Members Participate in Service Project to Beautify Peru's Beaches

Contributed By By Jason Swensen, Church News staff writer

  • 30 January 2014

Peruvian members work together to pull buried trash from a Lima beach as part of a massive Church-sponsored cleanup effort.  Photo courtesy of the South America North Area.

Article Highlights

  • Members in Peru gave 30,000 hours of service during a beach-cleaning project.
  • Peruvian government leaders thanked the volunteers for the service as well as for setting a good example for the community.
  • Members removed more than 30 tons of waste during the project.

Some visit Lima’s beaches to take in a few hours of surfing. Others enjoy the arid, sandy beaches for family retreats or for leisurely walks to escape the hubbub of the bustling capital city.

All such visitors will likely notice and appreciate the beaches’ pristine new look. Call it a “coastline facelift”—all made possible by the efforts of thousands of local Church members.

On December 14, 2013, Latter-day Saints in Peru completed a massive beach-cleaning project that was organized to bring beauty to Lima’s coastline and beaches in other areas of the South American nation. Members realized their goal to perform 30,000 hours of service as part of a well-organized Mormon Helping Hands project.

Their efforts earned them a wide variety of new friends, ranging from local government officials and environmental workers to everyday beach visitors who are enjoying the area’s new, well-scrubbed look.

Church leaders meticulously planned the beach-cleaning project for several months before the first group of members donned yellow Helping Hands vests on December 7 and began gathering up trash.

During Elder D. Todd Christofferson’s visit to Lima last July to organize Peru’s 100th stake, the Apostle spoke to local media agencies about the beach project and invited all Peruvians to join the effort.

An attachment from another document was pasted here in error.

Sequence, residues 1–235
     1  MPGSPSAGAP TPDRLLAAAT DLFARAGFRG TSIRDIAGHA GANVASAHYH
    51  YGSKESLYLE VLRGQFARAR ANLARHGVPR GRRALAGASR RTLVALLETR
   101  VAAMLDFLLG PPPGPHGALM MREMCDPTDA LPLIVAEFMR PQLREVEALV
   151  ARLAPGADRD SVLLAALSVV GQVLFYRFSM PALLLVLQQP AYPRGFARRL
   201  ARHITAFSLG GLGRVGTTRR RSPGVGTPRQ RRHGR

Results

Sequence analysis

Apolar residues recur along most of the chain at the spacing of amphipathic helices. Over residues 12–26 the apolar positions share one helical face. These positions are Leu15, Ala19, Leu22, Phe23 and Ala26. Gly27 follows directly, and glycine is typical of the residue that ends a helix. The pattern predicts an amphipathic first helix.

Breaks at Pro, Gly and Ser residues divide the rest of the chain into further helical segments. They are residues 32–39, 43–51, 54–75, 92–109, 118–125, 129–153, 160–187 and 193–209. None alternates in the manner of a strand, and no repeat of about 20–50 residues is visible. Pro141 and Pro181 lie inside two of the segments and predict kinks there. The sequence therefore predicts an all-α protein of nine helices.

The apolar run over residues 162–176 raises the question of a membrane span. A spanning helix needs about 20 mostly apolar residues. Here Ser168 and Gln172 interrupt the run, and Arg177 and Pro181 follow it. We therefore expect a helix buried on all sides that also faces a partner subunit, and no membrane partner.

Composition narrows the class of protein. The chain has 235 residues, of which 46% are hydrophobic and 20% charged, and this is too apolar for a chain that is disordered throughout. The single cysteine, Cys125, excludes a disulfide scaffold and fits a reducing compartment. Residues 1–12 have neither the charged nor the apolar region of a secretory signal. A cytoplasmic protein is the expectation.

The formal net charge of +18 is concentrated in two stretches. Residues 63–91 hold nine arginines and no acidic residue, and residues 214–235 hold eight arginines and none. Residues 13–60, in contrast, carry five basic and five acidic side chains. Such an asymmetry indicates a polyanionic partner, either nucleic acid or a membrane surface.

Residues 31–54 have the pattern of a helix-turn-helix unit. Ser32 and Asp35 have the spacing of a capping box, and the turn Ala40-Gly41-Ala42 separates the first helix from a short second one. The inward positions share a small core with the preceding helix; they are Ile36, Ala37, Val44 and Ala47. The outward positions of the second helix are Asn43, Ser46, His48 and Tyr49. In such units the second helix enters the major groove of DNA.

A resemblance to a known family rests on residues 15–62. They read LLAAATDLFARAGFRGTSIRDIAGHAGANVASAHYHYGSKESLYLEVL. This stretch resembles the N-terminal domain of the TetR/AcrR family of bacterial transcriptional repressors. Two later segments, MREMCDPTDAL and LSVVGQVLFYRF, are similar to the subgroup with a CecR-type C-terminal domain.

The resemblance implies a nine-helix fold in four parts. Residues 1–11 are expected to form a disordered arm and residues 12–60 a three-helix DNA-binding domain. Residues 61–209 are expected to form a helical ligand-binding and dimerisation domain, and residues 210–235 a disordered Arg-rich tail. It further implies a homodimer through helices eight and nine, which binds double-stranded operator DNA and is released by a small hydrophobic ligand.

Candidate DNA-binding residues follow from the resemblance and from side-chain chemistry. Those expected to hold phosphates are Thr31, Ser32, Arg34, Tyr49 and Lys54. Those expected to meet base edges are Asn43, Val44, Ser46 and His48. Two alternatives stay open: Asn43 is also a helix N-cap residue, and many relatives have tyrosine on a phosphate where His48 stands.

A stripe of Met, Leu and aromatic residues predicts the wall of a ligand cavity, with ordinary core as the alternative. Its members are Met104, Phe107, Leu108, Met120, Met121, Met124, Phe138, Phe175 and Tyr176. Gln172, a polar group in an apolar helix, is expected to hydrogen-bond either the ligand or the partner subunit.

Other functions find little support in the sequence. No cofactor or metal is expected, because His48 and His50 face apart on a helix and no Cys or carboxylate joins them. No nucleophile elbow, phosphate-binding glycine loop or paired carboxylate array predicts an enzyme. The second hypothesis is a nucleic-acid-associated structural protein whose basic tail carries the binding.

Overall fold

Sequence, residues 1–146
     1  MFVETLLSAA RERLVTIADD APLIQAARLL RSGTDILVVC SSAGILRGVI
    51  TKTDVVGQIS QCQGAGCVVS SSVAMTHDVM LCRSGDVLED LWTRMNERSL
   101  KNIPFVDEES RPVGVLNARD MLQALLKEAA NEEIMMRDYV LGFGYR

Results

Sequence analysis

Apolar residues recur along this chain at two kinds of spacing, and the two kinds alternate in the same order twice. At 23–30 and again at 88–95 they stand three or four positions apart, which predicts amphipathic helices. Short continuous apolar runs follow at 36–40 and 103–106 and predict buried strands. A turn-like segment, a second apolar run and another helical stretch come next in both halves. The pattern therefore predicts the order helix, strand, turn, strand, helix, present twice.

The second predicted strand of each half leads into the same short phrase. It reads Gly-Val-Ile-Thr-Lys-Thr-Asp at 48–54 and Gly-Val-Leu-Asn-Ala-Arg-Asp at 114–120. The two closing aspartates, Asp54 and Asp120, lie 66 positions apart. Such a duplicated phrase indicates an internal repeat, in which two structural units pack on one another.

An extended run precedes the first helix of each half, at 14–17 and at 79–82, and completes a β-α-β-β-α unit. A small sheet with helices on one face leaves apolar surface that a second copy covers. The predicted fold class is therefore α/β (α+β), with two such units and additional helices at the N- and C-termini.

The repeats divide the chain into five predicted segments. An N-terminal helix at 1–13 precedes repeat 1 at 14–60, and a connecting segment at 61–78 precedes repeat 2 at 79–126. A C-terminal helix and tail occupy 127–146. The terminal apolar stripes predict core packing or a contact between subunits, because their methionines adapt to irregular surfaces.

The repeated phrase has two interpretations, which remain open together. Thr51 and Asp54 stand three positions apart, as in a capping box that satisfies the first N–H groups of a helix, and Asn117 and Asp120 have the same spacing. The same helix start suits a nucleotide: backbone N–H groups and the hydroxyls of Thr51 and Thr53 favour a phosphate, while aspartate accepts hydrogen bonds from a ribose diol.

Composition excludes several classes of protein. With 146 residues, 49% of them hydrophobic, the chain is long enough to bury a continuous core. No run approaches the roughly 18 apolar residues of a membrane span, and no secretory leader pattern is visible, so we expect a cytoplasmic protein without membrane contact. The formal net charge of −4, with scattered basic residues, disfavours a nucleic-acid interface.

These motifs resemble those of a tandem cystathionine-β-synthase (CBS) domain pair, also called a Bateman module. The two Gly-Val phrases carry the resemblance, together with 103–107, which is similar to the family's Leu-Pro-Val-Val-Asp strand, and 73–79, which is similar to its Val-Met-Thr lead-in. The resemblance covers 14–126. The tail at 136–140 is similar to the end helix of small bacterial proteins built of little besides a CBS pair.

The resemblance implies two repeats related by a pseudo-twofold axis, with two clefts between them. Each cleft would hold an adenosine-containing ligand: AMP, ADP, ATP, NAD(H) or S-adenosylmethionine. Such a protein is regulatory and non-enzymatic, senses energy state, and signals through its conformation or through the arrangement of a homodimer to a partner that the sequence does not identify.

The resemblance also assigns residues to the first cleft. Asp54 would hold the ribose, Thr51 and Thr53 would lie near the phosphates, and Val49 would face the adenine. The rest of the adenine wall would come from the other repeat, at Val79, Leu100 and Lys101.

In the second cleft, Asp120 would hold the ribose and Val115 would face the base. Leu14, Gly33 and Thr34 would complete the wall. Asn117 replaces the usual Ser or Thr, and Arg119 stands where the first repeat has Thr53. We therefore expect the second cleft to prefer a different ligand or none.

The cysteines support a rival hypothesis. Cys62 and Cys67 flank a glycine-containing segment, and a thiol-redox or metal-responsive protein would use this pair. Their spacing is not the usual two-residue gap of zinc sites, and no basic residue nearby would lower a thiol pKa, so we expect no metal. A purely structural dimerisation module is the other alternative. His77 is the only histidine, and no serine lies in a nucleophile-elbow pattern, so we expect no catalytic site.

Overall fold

Latter-day Saint organizers worked closely during the planning and execution of the service project with Peruvian municipal leaders and the private environmental organization Vida.

Men, women, and youth work together to clean a beach in Lima, Peru. Photo courtesy of the South America North Area.

The members were assigned dates and beach regions to assist with the project. Most of the 30,000 service hours were spent collecting and removing debris such as plastics, wood, textiles, glass, and a variety of other objects that damaged the appearance and health of the beach.

The first wave of volunteers arrived on the Costa Azul beach in the Callao neighborhood. Armies of fellow volunteers soon followed their lead, offering time and muscle on a variety of beachfronts. The work could be hard, but the patriotic members enjoyed their time working together to beautify a valued area of the country.

Government leaders offered thanks to the Church and its service-minded members. They noted that the project not only protects and improves the local environment but also provides a good example to the community at large. They hope the Helping Hands project will generate a sustainable interest in protecting the environment and serving others.

A Peruvian member bags trash gathered on a Lima beach. Photo courtesy of the South America North Area.

Local priesthood leaders, meanwhile, said the sole motivation of the service project was to serve their own communities “and leave the world a better place than how they found it.”

The beach improvement areas were not limited to the Lima area. Large-scale cleanup efforts were also completed on the beaches of La Punta Huanchaco and Pimentel, where Latter-day Saints removed more than 30 tons of waste.

Members in Peru performed more than 30,000 hours of service as part of a massive beach-cleaning project in Lima. Photo courtesy of the South America North Area.